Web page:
Oil price drop a factor
To make matters worse, falling oil prices could strain the projects economic viability even at a $15 per mcf burner tip price. Britton said heating oil at $2.70 per gallon would be the energy-cost equivalent to natural gas at $20.50 per mcf, the high range of MHW’s current projection.
Board member Wilken, of Fairbanks, said he just purchased heating oil for $3.07 per gallon. Britton said a common price in the area is about $3.40 per gallon, but that would likely continue to drop, he said.
Shefchik said conversions would probably still happen, but over 10 to 12 years instead of the vast majority happening within six years as was once thought.
Low oil prices have also hurt the feasibility of storage expansion for Fairbanks Natural Gas Britton said. The utility suspended its $20 million loan application to AIDEA for construction of a 5.25 million-gallon LNG storage facility in Fairbanks.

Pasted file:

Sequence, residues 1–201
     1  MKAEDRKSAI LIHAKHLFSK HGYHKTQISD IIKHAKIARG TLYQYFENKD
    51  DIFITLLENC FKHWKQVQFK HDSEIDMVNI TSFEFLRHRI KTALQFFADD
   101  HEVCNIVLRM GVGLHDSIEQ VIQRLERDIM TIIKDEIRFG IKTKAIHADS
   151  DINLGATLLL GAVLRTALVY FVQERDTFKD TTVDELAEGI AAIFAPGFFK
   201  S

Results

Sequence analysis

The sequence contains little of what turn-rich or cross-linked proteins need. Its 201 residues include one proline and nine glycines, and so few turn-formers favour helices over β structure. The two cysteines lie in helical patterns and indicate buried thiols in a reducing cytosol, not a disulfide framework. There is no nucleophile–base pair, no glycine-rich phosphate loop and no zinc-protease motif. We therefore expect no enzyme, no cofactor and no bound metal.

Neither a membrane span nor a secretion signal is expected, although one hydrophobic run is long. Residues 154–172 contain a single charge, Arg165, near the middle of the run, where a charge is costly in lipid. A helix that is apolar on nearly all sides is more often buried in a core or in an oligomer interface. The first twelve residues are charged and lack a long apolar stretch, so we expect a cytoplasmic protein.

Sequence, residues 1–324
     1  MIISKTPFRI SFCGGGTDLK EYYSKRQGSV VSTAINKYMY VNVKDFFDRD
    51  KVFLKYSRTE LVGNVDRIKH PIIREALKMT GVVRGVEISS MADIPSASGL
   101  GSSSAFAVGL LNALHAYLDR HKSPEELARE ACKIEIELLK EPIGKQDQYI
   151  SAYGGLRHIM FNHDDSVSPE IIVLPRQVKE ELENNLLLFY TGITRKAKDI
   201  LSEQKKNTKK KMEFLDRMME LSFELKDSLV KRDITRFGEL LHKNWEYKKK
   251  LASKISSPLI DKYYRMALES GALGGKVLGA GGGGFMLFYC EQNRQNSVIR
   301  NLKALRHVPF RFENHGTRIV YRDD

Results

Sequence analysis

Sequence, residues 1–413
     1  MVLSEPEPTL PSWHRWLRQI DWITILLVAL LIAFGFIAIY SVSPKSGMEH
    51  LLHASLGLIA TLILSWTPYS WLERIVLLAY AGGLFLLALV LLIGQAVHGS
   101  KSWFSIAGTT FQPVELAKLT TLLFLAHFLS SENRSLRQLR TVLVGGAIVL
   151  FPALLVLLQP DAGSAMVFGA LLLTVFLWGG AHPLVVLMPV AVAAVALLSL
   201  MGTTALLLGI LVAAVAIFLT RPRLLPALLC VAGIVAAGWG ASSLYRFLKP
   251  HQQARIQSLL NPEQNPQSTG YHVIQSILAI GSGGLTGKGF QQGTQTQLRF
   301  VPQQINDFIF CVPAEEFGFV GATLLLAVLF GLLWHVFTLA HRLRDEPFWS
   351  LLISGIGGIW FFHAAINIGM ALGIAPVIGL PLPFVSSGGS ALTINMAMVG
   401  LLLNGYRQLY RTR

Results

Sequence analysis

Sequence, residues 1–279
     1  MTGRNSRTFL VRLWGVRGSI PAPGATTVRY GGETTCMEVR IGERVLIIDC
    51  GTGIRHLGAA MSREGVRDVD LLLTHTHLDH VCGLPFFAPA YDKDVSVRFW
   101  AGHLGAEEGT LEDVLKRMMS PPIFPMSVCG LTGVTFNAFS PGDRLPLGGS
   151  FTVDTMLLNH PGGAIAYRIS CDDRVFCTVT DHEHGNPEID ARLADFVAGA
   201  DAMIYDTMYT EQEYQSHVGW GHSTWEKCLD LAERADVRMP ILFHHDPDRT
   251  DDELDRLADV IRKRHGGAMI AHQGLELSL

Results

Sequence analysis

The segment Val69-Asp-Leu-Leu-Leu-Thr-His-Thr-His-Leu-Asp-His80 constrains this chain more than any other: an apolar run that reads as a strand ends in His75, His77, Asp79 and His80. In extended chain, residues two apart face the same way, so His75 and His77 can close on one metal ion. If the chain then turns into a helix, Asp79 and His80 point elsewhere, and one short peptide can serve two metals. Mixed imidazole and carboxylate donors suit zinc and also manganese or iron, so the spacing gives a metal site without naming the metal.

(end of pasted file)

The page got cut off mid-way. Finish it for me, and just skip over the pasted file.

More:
Regardless of short-term oil price, the consensus at the meeting was the need for a cleaner, cheaper energy option in the Interior will not go away.
“We talk about at Golden Valley what this community needs and this community needs natural gas; there’s no doubt about that,” Borgeson said.
Wilken emphasized that the Interior Energy Project work should continue in earnest. However, he said if immediate market forces can ease the heating cost burden in Interior residents the group might have a chance to search for better solutions.
“Time is no longer a reason for us to make bad decisions,” he said.
Elwood Brehmer can be reached at [email protected].